As part of my community engagement platform, I promised to provide a regular weekly update on what’s happening up in Albany. This is an update from week eight(nine?) of the 2023 session.
As always, you can email me directly at email@example.com if you have any other questions, ideas, or want more information about what’s happening in Albany or the district.
*Session Week Eight*
This week three of my committees met: Judiciary, Labor, and Budget & Revenue, which I chair. Here’s a snapshot of what we did:
- S2997, provides that an affirmation of a health care practitioner may be served or filed in an action in lieu of and with the same force and effect as an affidavit.
- S2088, makes rent stabilized dwelling units eligible for certain protections. This bill updates New York’s General Obligation Laws to include the protections afforded for tenants with security deposits under the Housing Stability and Tenant Protection Act (HSTPA) of 2019 for Rent Stabilized tenants.
- S3340, relates to the reporting of extreme risk protection orders. This bill requires extreme risk protection orders to be reported to the statewide computerized registry of orders of protection and certain warrants of arrest.
- S346, my bill which requires new employees be provided certain information relating to student loan repayment information. Under this bill, newly hired employees must be provided with a notice detailing student loan repayment options that may be available to borrowers.
- S1027A, my bill which provides that an employee shall not be required to request reinstatement in order to file a discrimination claim regarding paid family medical leave benefits. This bill also provides for attorneys’ fees and costs as a remedy should a court deem it appropriate.
- S2924, establishes the Marshall plan for moms interagency task force. This taskforce will examine, issue proposals, and make recommendations on multiple policy areas to address the disproportionate burden mothers have weathered from the economic fallout of the COVID-19 pandemic.
Budget and Revenue
Lastly, the Budget & Revenue Committee held its second meeting of the 2023 legislative session. I am pleased to have passed two of my bills through committee this week, S277A and S477A, which aim to provide much needed relief to working families across the state.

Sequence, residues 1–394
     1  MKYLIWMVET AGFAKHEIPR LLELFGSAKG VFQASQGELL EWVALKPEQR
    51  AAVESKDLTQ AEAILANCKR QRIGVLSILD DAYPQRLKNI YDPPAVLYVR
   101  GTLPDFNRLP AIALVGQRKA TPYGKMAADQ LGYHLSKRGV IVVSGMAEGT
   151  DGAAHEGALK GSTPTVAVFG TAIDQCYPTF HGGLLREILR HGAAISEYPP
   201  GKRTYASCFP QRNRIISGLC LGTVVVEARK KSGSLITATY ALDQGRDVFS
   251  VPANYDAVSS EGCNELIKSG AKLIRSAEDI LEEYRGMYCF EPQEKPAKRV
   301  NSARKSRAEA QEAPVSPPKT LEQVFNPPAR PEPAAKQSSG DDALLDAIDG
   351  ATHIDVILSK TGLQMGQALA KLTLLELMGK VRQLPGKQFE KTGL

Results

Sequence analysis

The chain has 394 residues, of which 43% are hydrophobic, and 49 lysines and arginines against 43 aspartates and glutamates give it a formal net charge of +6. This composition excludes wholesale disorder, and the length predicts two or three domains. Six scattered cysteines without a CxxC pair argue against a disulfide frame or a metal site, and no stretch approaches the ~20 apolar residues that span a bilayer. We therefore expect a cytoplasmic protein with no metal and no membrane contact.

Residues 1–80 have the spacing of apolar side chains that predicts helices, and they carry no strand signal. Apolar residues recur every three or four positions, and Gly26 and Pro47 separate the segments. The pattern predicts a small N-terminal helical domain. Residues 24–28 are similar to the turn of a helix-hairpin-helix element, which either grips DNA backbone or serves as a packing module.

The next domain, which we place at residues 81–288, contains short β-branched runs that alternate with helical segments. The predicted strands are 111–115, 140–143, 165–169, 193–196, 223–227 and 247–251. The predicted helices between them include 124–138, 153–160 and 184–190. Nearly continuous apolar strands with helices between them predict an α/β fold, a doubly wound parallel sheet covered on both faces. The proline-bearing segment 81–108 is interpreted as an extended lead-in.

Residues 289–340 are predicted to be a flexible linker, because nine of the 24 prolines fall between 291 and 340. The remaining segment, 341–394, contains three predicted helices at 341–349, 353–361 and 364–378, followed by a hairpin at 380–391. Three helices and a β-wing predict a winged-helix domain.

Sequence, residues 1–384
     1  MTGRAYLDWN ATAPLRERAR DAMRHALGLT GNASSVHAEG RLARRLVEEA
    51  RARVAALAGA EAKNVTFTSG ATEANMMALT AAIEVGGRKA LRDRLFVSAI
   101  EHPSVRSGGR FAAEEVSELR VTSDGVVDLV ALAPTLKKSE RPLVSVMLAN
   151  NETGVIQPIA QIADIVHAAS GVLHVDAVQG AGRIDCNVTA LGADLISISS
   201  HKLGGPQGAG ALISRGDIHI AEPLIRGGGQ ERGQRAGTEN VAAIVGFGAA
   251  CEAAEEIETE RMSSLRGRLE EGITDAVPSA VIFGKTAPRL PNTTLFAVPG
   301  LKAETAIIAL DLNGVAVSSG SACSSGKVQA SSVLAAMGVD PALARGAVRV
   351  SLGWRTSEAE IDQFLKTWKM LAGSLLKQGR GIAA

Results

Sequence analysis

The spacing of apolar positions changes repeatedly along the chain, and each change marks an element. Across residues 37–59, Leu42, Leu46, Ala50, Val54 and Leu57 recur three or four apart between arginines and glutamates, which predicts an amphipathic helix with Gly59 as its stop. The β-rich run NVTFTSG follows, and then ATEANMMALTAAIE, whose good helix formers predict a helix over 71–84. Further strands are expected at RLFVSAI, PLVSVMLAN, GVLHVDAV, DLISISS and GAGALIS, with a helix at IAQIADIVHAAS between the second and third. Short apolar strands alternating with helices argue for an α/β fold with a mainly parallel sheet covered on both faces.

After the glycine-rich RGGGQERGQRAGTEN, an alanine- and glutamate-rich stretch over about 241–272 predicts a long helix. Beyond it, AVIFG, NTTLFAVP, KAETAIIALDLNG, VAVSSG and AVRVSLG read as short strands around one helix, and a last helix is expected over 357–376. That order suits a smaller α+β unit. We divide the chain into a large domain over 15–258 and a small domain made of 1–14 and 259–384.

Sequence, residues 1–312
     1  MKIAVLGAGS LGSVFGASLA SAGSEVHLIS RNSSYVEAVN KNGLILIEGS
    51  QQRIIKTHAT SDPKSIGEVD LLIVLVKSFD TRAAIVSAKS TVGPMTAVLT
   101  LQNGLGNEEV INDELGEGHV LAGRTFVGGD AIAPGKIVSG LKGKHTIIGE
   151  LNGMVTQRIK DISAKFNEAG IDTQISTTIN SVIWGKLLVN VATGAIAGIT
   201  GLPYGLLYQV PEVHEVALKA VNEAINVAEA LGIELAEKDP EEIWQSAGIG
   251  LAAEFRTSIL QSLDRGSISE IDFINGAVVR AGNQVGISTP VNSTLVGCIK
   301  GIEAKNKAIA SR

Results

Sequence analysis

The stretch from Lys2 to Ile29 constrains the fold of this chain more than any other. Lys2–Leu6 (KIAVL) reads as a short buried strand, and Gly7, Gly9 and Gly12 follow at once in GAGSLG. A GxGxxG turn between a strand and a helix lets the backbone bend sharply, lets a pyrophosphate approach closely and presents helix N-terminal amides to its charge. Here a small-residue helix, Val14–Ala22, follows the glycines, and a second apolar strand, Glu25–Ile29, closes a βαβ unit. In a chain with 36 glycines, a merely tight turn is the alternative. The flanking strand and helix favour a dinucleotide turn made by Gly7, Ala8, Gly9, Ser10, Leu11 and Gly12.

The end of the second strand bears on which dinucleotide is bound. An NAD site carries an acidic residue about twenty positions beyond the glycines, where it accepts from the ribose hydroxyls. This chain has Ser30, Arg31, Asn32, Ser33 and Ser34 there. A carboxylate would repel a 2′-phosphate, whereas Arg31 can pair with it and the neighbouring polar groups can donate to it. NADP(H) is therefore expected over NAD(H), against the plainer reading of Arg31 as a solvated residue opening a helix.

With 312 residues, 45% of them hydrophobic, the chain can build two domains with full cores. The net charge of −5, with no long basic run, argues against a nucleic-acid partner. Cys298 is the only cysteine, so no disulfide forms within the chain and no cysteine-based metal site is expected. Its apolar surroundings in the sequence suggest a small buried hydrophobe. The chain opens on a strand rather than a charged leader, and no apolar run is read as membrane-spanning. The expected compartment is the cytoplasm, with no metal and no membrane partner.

- S277A, my bill that creates a working families tax credit. This bill creates a tax credit of $1500 per child, directs quarterly prepayment of the credit, and provides for a sliding reduction in the credit for incomes which exceed a certain threshold with a minimum of $500.
- S4744A, my bill relating to the exemption of school supplies from sales tax during a specified period each year. Under this bill,basic school supplies will be exempt from sales tax during the 15 day period prior to Labor day.
- S3387, enacts the online revenues and expenditures transparency act. This act would provide for the development of a single, searchable budget database website accessible to the public, at no cost.
The Senate and Assembly continued holding joint legislative hearings on the Fiscal Year (FY) 2023–24 Executive Budget. These hearings focus on a programmatic area of the Executive Budget and are intended to provide the appropriate legislative committees with public input. The hearings were (and will be) available for viewing on the Senate and Assembly websites. This week we held joint legislative budget hearings on Higher Education, Health, and Workforce Development.
During the Higher Education budget hearing, I expressed concerns around the proposed tuition increases which are asking students to pay more for what should be a free, quality public higher education. Increased CUNY funding is a top priority of mine as the sponsor of S2146, the New Deal for CUNY. I engaged with CUNY Chancellor Felix V. Matos Rodriguez on the funding disparities seen in CUNY’s allocation compared to SUNY’s, making up just 35% of what the budget proposes for higher education. With a $94 million allocation in new operating money, far lower than CUNY’s $303 million ask, I asked Chancellor Rodriguez how this would impact CUNY operations; he expressed a need for capital dollars to invest in research labs as well as improved enrollment and retention techniques.
Further into the hearing I asked Lola W. Brabham, President of the Commission on Independent Colleges and Universities (CICU), about steps being taken in response to the possible elimination of race as a factor in college admissions by a majority-conservative Supreme Court. New York has many prestigious institutions that employ exclusionary practices like legacy preference and early decision which is why I’ve introduced bill S4170, the Fair College Admissions Act. While President Brabham affirms these practices are not used as primary factors in admissions, the diversity and equity sought in private institutions across New York are in jeopardy pending the Supreme Court’s decisions and the response of colleges and universities across our state.
This week the Senate passed important legislation to protect maternal health and support reproductive care:
- S1867, requires the Department of Health to establish and maintain the New York state community doula directory to promote the use of doula services by Medicaid recipients and reimbursement for doula services in the Medicaid program. It also establishes criteria for admittance into the New York state community doula directory.
- S201, bars a plan or contract from imposing a fee or other penalty for a pregnant individual enrolling during a special enrollment period.
- S3609A, enhances the scope of health equity impact assessments to require consideration of the impact a project will have on the availability and provision of reproductive health services and maternal health care.
Thanks for reading! As always, you can email me directly at firstname.lastname@example.org or call my office as 718–238–6044.